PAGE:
“As the United States faces an unprecedented shortage of more than 121,000 primary care and specialty physicians by 2030, the AAMC greatly appreciates Representatives Sewell (D-Ala.) and Katko’s (R-N.Y.) commitment to address the physician shortage and applauds their reintroduction of the Resident Physician Shortage Reduction Act of 2019,” said Darrell G. Kirch, M.D., President and CEO of the Association of American Medical Colleges. “This bipartisan legislation recognizes that physicians are a critical element of our health care infrastructure, and would make a strategic investment in the health care workforce by providing a measured increase in federal support for physician training. The legislation would also improve access to critical physician services as it requires half of all the new positions be dedicated to shortage specialties, as well as incentivizes training in VA medical centers, community and outpatient settings, and rural hospitals. We are committed to working with Reps. Sewell and Katko, and all members of Congress, to alleviate the doctor shortage for the benefit of all Americans.”

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“UAB Medicine is supportive and thankful for Representatives Sewell (D-Ala.) and Katko’s (R-N.Y.) support of increasing the training programs for physicians with the reintroduction of the Resident Physician Shortage Reduction Act of 2019,” said Dr. Will Ferniany, CEO of the UAB Health System. “Alabama and many states have critical shortages of physicians that this act will significantly address. Without this additional support UAB Hospital and other hospitals in Alabama will be unable to meet our physician needs.”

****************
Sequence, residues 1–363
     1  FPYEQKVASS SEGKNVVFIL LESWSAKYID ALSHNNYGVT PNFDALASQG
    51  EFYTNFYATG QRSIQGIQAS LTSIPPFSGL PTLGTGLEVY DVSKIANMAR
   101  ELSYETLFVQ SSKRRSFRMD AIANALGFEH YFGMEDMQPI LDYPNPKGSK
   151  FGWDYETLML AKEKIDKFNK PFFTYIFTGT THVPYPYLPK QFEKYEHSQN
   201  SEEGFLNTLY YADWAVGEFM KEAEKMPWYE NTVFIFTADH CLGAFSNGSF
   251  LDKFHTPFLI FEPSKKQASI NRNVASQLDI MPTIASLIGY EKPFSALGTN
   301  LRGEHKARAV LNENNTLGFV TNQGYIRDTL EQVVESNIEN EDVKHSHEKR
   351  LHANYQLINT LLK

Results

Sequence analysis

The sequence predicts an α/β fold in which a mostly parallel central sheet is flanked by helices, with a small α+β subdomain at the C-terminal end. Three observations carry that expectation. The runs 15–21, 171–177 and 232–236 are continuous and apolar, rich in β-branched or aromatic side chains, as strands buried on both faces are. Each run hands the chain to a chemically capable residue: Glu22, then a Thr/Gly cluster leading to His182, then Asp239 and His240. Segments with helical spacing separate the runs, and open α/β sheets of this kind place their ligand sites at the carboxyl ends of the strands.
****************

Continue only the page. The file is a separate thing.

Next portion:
Nowhere is the growing doctor shortage felt more severely than in rural Alabama. The state of Alabama has a scholarship program to encourage medical students to practice in rural Alabama; but due to a lack of funds retirements are likely to outpace new rural doctors for the foreseeable future.

Sewell is serving her fifth term representing Alabama’s 7th Congressional district.

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Brandon Moseley is a senior reporter with eight and a half years at Alabama Political Reporter. You can email him at [email protected] or follow him on Facebook. Brandon is a native of Moody, Alabama, a graduate of Auburn University, and a seventh generation Alabamian.

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Congress

U.S. Rep. Bradley Byrne announces new chief of staff

Eddie Burkhalter

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U.S. Rep. Bradley Byrne

Congressman Bradley Byrne, R-Alabama, on Friday announced that Seth Morrow will serve as his chief of staff.